In the patriarchal culture of the ancient world, it would strike few as odd that these men debate the ownership of this woman in the afterlife: “whose wife will the woman be”?

Furthermore, it would strike few as odd that these Jewish men were deliberating the reproductive repercussions of this one woman, a (hypothetical) wife of seven different men. As in this case, even the absent children were considered in relationship to the male figures of the families: “all seven (men) died childless” (Luke 20:31); “raise up children for his brother” (verse 28).

Sadly, but true in all patriarchal societies (ancient and modern), the female body often becomes the place of theological regulation.

A good present example is the recent U.S. Supreme Court’s decision that officially reversed Roe v. Wade, declaring that the constitutional right to abortion,  upheld for nearly a half century, no longer exists.

For this unnamed woman, Torah would determine her earthly relations but could not resolve her future life. And, as readers were tipped off in advance, the Sadducees had little concern for her future implications because of their theological assumptions.

The question remains. What difference does this argument make for an embodied faith?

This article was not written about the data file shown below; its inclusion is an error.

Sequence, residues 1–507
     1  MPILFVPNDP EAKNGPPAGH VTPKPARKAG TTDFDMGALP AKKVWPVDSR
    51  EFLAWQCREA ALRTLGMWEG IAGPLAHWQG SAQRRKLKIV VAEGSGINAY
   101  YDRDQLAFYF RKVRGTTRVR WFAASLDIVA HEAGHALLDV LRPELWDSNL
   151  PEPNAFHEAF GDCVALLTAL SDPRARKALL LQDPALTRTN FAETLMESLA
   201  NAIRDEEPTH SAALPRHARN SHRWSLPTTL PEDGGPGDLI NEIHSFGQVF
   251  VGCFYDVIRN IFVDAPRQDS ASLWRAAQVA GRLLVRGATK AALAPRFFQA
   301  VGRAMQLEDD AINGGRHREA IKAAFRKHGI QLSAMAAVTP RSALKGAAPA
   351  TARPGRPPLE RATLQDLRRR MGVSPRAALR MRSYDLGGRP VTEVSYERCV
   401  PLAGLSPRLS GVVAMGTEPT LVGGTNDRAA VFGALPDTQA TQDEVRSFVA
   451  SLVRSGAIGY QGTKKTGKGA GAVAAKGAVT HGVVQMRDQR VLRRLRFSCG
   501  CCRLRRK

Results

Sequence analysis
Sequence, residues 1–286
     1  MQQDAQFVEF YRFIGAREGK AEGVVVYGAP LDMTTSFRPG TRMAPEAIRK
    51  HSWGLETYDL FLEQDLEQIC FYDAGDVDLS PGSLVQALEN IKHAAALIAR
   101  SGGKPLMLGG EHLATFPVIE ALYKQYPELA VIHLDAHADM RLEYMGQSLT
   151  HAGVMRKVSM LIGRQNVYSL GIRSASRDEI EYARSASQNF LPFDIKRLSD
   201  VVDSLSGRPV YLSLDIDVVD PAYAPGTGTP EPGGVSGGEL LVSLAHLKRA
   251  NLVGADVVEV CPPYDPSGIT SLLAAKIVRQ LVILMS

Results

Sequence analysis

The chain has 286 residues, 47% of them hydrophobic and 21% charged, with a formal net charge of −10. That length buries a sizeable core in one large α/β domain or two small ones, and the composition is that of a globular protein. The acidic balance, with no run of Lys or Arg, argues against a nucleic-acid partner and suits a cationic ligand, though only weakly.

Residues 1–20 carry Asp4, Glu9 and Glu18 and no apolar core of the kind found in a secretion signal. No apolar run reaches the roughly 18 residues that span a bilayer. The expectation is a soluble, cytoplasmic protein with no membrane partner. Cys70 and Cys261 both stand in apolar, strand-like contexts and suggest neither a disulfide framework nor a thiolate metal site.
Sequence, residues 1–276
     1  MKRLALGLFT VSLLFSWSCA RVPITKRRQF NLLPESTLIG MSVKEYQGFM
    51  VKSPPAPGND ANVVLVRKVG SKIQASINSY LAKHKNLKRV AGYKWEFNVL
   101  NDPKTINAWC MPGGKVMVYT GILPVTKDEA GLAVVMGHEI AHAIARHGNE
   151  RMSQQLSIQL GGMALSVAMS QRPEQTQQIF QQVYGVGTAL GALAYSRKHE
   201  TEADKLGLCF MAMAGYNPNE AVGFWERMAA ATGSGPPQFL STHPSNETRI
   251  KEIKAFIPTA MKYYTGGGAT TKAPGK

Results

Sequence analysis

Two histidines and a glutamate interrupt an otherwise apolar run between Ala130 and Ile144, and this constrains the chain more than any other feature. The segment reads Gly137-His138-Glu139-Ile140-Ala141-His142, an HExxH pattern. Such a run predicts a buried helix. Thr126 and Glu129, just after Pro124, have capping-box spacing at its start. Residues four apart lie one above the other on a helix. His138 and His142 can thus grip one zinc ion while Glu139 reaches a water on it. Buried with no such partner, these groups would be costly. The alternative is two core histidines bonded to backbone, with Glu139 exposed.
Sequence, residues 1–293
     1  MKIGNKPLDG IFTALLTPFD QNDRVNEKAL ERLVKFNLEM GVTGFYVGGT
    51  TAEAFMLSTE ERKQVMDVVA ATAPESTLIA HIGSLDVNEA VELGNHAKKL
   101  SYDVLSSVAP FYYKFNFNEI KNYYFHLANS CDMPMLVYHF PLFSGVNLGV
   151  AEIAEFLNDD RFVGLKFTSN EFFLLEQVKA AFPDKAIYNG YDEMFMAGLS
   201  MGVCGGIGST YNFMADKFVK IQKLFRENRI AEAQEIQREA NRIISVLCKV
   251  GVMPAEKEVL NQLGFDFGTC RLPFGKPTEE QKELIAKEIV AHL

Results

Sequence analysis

NOW allow me to digress a little.

What do I mean by “Embodied faith”?

“And the Word of God became flesh and blood and moved into the neighbourhood.”

(John 1:14, Message.)

Embodied faith is also relational faith; it is involved with people. Embodied faith cares about people and their needs.

I stand in awe sometimes as I listen to people who claim to be Christian argue against taking steps to care for the least of these in our midst.

Embodied faith is also reflective faith; it is faith that has been subjected to critical reason and careful thought. You realise snake handlers have great faith, but they are not very reflective.

Embodied faith is taught, not caught. Embodied faith is a faith passed on from one generation to the next. It takes place in story, in tradition, in Scripture and in song.The other side of course is to realize that embodied faith is a living faith.

Though passed along from one generation to the next, it embraces the present time and addresses the needs of the moment.

An embodied faith is not afraid to use the language of the present to express the hope

and beliefs handed down from generations before.Embodied faith is about life in the here and now.

I believe the key to this passage —is the relationship between “God” and “life”,“for God is a God of the living.”

Herein lies the key to Jesus’s hermeneutical approach. Text matters. Text matters.

Notice the stark question in the mouth of Mark’s Jesus: “Is not this the reason you are wrong, that you know neither the scriptures nor the power of God?” [Mark 12:24]).

But not text alone. Human (legal) relationships —even those bound by Torah —have no bearing in the next life.